TCP wrapper based access List Rules can be included in the two files
- if allow will not check 2
- if not found then go to 2
- if not found allow access.
Points to remember
- You can have only one rule per service in and file.
- Any changes to and file takes immediate effect.
- The last line in the files and must be a new line character. Or else the rule will fail.
The syntax for both and file takes the following form:
daemon : client [:option1:option2:…]
Allow SSH forand deny access to all the others.
sshd : .
… and in thefile I include the rule:
sshd : ALL
Denys FTP access to all indomain and hosts in the 192.168.1.0 network.
#FILE: /etc/vsftpd : 192.168.1. , .
#FILE: /etc/vsftpd : 192.168.1. , . : spawn /bin/echo `/bin/date` access denied >> /var/log/ : deny
In the above rule, spawn logs a message to the vsftpd log file each time the rule matches. deny is optional if you are including this rule in thefile.
For example, you can use spawn option to send mail to the admin when ever a deny rule is matched.
You can use wildcards in the client section of the rule to broadly classify a set of hosts. These are the valid wildcards that can be used.
- ALL – Matches everything
- LOCAL – Matches any host that does not contain a dot (.) like localhost.
- KNOWN – Matches any host where the hostname and host addresses are known or where the user is known.
- UNKNOWN – Matches any host where the hostname or host address are unknown or where the user is unknown.
- PARANOID – Matches any host where the hostname does not match the host address.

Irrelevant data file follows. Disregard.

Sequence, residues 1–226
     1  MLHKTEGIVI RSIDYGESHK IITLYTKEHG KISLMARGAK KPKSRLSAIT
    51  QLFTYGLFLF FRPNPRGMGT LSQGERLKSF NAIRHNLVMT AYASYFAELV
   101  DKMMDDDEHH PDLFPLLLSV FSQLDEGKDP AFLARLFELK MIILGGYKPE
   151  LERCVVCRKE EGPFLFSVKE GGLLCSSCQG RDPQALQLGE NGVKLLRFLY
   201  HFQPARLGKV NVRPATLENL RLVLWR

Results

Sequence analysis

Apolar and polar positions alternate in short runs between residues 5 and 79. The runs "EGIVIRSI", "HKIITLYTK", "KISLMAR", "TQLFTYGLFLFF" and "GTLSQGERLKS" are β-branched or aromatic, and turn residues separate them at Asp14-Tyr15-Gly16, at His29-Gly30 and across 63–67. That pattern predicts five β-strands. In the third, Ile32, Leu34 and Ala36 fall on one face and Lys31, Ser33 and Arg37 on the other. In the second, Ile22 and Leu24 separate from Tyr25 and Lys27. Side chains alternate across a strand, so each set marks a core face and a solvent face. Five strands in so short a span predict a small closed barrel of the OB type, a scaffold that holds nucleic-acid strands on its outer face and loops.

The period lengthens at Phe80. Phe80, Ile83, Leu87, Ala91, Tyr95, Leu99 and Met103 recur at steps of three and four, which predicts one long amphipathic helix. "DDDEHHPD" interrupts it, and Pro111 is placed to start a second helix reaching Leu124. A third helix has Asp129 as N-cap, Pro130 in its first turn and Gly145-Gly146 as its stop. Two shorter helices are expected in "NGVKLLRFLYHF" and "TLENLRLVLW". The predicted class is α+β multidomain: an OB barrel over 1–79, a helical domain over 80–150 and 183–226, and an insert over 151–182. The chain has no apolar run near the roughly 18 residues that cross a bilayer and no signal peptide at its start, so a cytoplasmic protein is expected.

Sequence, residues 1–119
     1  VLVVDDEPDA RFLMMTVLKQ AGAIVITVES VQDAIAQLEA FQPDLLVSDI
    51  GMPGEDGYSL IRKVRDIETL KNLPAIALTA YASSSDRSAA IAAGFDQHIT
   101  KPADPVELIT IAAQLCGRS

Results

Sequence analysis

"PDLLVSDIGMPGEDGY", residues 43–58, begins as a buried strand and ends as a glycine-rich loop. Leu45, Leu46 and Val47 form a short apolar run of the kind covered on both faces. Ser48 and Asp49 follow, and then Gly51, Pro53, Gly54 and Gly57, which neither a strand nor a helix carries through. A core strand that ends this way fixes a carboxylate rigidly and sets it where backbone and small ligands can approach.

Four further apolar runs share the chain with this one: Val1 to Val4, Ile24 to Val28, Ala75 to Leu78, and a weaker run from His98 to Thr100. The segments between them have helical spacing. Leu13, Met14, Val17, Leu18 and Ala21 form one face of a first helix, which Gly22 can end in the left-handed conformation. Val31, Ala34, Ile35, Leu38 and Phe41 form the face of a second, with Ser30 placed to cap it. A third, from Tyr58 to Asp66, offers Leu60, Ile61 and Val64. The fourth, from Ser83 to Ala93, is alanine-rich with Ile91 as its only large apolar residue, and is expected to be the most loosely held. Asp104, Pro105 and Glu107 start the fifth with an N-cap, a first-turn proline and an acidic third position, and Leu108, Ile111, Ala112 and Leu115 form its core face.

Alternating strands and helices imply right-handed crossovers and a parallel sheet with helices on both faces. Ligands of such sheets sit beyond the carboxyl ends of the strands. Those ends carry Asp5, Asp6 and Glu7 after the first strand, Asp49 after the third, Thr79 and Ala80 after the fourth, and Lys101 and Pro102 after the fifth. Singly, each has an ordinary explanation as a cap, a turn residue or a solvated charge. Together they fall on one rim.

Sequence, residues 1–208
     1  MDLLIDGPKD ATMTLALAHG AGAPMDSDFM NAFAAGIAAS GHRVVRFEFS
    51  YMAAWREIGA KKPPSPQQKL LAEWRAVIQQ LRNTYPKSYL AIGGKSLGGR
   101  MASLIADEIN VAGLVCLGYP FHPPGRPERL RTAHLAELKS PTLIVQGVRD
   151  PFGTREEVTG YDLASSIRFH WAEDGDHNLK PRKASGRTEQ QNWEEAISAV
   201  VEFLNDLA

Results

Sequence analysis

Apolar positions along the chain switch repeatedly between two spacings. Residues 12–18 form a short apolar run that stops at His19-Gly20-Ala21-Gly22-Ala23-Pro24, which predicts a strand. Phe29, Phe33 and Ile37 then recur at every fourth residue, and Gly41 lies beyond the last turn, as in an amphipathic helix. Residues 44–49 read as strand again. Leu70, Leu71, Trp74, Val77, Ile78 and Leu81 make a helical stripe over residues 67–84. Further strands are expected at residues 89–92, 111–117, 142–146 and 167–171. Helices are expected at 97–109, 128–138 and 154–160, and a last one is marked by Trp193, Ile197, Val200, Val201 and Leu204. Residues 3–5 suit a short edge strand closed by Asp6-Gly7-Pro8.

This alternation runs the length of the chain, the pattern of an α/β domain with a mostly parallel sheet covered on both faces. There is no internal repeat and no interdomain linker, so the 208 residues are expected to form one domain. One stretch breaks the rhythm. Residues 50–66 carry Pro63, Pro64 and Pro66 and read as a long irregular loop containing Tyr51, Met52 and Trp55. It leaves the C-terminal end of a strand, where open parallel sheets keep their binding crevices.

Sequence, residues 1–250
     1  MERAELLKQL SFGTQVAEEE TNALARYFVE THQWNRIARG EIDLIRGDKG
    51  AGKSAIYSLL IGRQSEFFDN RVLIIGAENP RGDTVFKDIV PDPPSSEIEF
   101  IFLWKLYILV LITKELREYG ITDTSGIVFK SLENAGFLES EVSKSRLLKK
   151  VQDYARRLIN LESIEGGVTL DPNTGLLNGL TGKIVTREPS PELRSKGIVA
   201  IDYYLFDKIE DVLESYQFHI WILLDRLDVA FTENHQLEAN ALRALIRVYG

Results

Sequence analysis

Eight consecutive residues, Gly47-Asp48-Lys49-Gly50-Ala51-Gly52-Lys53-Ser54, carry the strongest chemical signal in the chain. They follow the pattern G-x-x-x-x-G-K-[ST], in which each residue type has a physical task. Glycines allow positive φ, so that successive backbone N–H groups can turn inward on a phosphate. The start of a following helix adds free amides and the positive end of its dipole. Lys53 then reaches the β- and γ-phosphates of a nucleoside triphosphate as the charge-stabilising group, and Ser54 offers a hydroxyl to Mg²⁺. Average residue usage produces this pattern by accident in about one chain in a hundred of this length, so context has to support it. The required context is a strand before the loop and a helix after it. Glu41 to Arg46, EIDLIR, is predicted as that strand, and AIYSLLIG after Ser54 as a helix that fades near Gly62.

ALL : 123.12.
Matches all the hosts in the 220.127.116.11 network. Note the dot (.) in the end of the rule.
ALL : 192.168.0.1/255.255.255.0
IP address/Netmask can be used in the rule.
sshd : /etc/
If the client list begins with a slash (/), it is treated as a filename. In the above rule, TCP wrappers looks up the filefor all SSH connections.
sshd : ALL EXCEPT 192.168.0.15
will allow ssh connection for only the machine with the IP address 192.168.0.15 and block all other connections.
You can use the options allow or deny to allow or restrict on a per client basis in either of the filesand
in.telnetd : 192.168.5.5 : deny in.telnetd : 192.168.5.6 : allow
As mentioned above, you can couple the rules to certain shell commands by using the following two options.
spawn – This option launches a shell command as a child process. For example, look at the following rule:
sshd : 192.168.5.5 : spawn /bin/echo `/bin/date` from %h >> /var/log/: deny
Each time the rule is satisfied, the current date and the clients hostname %h is appended to thefile.
twist – This is an option which replaces the request with the specified command. For example, if you want to send to the client trying to connect using ssh to your machine, that they are prohibited from accessing SSH, you can use this option.
sshd : client1.: twist /bin/echo “You are prohibited from accessing this service!!” : deny
When using spawn and twist, you can use a set of expressions. They are as follows :
%a — The client’s IP address.
%A — The server’s IP address.
%c — Supplies a variety of client information, such as the username and hostname, or the username and IP address.
%d — The daemon process name.
%h — The client’s hostname (or IP address, if the hostname is unavailable).
%H — The server’s hostname (or IP address, if the hostname is unavailable).
%n — The client’s hostname. If unavailable, unknown is printed. If the client’s hostname and host address do not match, paranoid is printed.
%N — The server’s hostname. If unavailable, unknown is printed. If the server’s hostname and host address do not match, paranoid is printed.
%p — The daemon process ID.
%s — Various types of server information, such as the daemon process and the host or IP address of the server.
%u — The client’s username. If unavailable, unknown is printed.